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Viorst, a reporter who has traveled in recent years to the Middle East for The New Yorker, can snag the startling quotation (a Gazan told him "The Arabs say they're our friends, and treat us worse than the Israelis do") 370 and he can write incisively (President Hafiz al-Asad of Syria is a man for whom "an air of enigma is an instrument of state"). But the odd insight does not save a book chock-full of pretension, factual mistakes, cultural incomprehension, and political bias.

The pretension starts with the subtitle: somehow, Viorst flatters himself into believing that a few trips to the Middle East and some interviews with Middle Eastern politicians gives him a base for interpreting the Arab experience with modernity. Some of his errors make one doubt that Viorst had his eyes open while traveling. How could a repeat visitor to Damascus assert that President Asad "shunned the creation of a personality cult"? In fact, Asad's representation is ubiquitous within Syria. Sandcastles contains illogical passages. We learn on one page that Asad has faced no challenge to his rule since 1970; seven pages later, Viorst reports on the carnage at Hama in 1982 that resulted from precisely such a challenge.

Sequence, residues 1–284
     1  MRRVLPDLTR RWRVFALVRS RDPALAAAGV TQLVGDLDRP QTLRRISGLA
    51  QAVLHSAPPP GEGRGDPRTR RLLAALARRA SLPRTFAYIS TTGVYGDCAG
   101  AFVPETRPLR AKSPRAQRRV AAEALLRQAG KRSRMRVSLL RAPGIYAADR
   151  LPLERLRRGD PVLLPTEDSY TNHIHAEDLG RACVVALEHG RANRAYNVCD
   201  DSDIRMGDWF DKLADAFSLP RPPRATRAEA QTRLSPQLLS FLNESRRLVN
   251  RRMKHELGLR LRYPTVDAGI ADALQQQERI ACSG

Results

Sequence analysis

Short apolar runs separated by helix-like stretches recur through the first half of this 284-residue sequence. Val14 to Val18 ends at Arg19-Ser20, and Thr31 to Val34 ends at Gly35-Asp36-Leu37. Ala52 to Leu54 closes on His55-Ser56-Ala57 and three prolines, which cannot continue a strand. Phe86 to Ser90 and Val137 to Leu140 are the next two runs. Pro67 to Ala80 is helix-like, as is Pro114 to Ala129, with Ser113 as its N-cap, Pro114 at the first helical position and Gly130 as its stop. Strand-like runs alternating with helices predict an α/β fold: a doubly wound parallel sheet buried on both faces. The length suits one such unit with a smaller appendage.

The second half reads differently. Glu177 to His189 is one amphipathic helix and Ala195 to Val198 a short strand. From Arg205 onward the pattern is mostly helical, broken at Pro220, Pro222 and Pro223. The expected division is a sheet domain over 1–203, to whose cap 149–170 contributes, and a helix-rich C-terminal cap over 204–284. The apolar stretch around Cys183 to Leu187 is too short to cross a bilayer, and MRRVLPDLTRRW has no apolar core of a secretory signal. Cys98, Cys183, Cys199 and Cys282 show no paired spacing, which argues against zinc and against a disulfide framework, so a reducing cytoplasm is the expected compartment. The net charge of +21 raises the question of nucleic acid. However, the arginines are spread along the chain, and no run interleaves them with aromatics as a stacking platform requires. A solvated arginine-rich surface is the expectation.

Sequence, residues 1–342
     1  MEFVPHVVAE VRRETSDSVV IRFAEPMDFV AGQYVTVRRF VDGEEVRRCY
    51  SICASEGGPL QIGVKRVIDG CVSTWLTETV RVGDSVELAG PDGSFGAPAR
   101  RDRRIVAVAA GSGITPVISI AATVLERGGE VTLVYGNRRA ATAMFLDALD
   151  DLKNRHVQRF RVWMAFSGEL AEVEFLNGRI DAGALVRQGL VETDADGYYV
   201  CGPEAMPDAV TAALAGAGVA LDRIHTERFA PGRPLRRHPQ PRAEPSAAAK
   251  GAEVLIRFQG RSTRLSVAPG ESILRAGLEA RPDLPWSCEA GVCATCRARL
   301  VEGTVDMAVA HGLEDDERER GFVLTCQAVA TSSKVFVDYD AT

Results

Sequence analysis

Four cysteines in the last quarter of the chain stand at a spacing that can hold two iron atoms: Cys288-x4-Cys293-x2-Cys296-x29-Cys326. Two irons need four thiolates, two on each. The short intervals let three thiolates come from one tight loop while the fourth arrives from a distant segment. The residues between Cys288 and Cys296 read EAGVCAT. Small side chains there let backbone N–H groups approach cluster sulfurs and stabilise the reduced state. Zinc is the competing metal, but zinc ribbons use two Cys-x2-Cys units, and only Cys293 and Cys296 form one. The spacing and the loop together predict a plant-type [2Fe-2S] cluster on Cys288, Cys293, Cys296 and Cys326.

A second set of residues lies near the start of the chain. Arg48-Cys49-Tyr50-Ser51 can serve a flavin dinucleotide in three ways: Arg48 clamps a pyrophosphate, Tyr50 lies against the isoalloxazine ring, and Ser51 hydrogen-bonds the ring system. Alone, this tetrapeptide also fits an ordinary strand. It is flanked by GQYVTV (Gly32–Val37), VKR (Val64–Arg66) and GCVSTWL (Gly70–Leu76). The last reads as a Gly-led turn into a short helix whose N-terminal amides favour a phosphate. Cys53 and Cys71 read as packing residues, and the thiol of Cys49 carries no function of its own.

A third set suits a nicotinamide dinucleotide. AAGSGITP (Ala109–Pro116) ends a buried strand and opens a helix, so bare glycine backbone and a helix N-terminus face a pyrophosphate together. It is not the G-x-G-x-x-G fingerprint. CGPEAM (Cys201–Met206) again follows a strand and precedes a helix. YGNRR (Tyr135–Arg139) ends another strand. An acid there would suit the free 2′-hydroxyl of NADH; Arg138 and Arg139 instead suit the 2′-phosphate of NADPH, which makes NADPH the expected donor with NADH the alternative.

Though he treads light on politics, Viorst betrays an all-too-familiar outlook throughout his account: stick it to America's allies (in this case, Turkey, Kuwait, and Israel), portray its opponents favorably. For example, his chapter on Turkey (not usually known as an Arab country, but included here anyway) bristles with antipathy. He describes Istanbul (in an ungrammatical flourish) as a "melancholy city" and exploits the bad weather during his visit as a metaphor for Turkey's unattractiveness.